(1) Accepting the 2.0 ideas, but making the user generated contents controllable. The latest example is t.sina.com.cn, it is launched in October and now become the top one among the micro-blog (as the matter of users’ number) services.

(2) Complying with Chinese culture – I am not saying censorship/dictatorship, but the culture. A typical example can be the comparision between reren.com and kaixin001.com.

(3) One website provides integrated services, but very few websites provide open API.

(4) IM driven. Other than the E-mail driven culture in English cyberspace, the Cinternet is and will still be an IM driven culture. People contact with QQ numbers everywhere. Besides QQ, Taobao has its IM too, and has made being the hub of all the Taobao’s e-commerce applications; sina, baidu, netease and China-Mobile all provide their IM services, but non of them are inter-communicable.

This is just a simple illustration. There must be more features. Here I am actually discussing the appropriate approach to stuy the Chinese web sphere.

Harvard-MIT-Yale Cyberscholar Working Group Event

Just a cross-post from Berkman Website. I am going to talk at Harvard-MIT-Yale Cyberscholar Working Group monthly Meeting on 2 December 2009. The content of my talk will be posted later.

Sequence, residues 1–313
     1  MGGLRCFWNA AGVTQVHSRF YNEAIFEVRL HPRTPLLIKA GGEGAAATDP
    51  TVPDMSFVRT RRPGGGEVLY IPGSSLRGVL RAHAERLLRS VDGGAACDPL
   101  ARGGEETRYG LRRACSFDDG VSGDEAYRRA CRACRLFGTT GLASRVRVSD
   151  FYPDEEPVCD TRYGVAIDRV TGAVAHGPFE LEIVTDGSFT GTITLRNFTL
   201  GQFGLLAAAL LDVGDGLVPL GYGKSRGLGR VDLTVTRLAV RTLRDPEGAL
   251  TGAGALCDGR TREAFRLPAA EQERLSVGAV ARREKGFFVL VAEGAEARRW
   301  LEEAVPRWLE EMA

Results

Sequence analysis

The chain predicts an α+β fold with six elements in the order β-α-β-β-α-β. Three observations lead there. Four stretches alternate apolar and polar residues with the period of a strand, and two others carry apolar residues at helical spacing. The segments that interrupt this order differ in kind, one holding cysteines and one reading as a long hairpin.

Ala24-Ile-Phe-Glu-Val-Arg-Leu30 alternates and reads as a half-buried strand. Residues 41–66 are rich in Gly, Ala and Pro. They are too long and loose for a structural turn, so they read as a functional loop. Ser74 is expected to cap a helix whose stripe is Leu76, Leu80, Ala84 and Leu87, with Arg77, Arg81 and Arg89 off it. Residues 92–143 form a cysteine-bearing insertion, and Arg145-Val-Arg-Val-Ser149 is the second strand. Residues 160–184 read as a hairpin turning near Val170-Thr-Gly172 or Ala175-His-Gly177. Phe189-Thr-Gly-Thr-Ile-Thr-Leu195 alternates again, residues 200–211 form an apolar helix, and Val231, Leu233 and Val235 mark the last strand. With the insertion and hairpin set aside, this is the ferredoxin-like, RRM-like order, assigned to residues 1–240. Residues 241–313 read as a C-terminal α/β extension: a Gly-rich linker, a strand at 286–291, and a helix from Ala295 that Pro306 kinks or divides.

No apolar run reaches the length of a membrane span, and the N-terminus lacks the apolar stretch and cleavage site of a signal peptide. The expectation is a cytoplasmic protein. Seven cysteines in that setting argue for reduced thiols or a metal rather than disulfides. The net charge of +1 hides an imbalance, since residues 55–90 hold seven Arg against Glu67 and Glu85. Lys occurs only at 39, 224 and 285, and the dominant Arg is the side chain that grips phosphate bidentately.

6:00 pm – 8:30 pm, Wednesday, December 2, 2009
Conference Room 202, Berkman Center
23 Everett St 2nd Floor, Cambridge, MA
Please RSVP to Herkko Hietanen at herkko.hietanen@hiit.fi before 12/2/09
Refreshments provided

Donnie Hao Dong is a Fellow at Berkman Center and a Lecturer at Yunnan University (PRC). His research interests cover copyright law, cyber law and law and social development in digital age. He got a JSD from China University of Polictics and Law with his dissertation on the public domain in the context of Chinese copyright law. Now Donnie is a PhD Candidate in City University of Hong Kong closing his research on the lessons of Chinese copyright reform for digital age.  His publications, short essays and nags can be accessed athttp://www.BLawgDog.com.